Monday, May 3


Department of Aging to streamline information system

One stop for long-term care help     Send a link to a friend

[MAY 3, 2004]  SPRINGFIELD -- News about long-term care services will soon be easier to access, the Illinois Department on Aging announced on April 21, thanks to a three-year grant that has been awarded to the department.

The $800,000 federal grant to support the department's development of aging and disability resources centers in Decatur and Rockford came from the Administration on Aging and Centers for Medicare & Medicaid Services. The development of "one stop" resource centers in these two communities will permit the Illinois Department on Aging to study the feasibility of establishing similar centers throughout Illinois.

"Older people and their families in Illinois will be able to learn about the services and supports available at one place, a resource center with all the information about community-based services," said Charles D. Johnson, department director.

"At a time when families face the stress of illness and disability, they need a trusted source of information about all of the options available and how to access those options. A single source of information will minimize confusion and will show our respect for the right of families to make the best choice based on the best information.

"Now our department can offer Illinois families a place to turn," Johnson said, "We will be there when they need us."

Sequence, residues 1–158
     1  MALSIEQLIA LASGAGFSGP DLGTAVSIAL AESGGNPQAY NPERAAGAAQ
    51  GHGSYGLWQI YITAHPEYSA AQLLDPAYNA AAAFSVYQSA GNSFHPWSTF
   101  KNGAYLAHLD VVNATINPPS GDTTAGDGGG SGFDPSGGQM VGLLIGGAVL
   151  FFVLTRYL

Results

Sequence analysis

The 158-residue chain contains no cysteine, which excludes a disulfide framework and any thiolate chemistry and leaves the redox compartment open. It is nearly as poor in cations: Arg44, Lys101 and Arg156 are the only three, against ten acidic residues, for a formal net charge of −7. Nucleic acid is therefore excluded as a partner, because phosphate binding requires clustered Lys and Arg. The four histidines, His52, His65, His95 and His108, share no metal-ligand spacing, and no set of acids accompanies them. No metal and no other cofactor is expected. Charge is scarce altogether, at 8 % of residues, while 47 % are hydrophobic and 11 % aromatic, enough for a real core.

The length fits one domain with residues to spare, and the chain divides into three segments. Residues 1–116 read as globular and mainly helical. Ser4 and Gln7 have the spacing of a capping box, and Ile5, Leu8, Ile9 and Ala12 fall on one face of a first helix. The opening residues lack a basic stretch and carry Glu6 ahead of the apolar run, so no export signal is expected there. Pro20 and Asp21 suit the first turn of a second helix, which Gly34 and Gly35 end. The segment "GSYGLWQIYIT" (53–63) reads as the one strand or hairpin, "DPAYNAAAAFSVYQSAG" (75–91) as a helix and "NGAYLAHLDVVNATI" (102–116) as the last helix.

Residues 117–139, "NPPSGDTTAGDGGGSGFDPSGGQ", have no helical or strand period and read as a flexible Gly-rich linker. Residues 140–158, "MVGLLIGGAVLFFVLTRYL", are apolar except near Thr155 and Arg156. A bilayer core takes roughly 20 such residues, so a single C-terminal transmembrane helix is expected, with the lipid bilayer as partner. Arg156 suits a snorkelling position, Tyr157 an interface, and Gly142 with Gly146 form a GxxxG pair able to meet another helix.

The options for long-term care, Johnson said, include in-home services, as well as care in nursing facilities. Consumers make choices based on medical need, and the Department on Aging can help families look at the all options available and make appropriate choices.


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A single, coordinated system of access for people who want long-term support was set as a priority for the department when Johnson was named director by Gov. Rod Blagojevich last year. "We have been working for the past year to rebalance long-term care service in Illinois," Johnson said. "During the past 12 months, we have opened the door to our Community Care Program by raising the asset cap on eligibility, and we have adjusted reimbursement rates to support services to the frail elderly at home and in adult day-care centers. This is just another step in the right direction."

Illinois was awarded one of 12 new grants. Others that met the standards to establish Aging and Disability Resource Centers are Alaska, Arkansas, California, Florida, Georgia, Indiana, Iowa, New Mexico, North Carolina, Northern Mariana Islands and Wisconsin. A dozen other states won similar grants in September 2003 to develop streamlined access to long-term support services under the program.

[Illinois Department on Aging news release]

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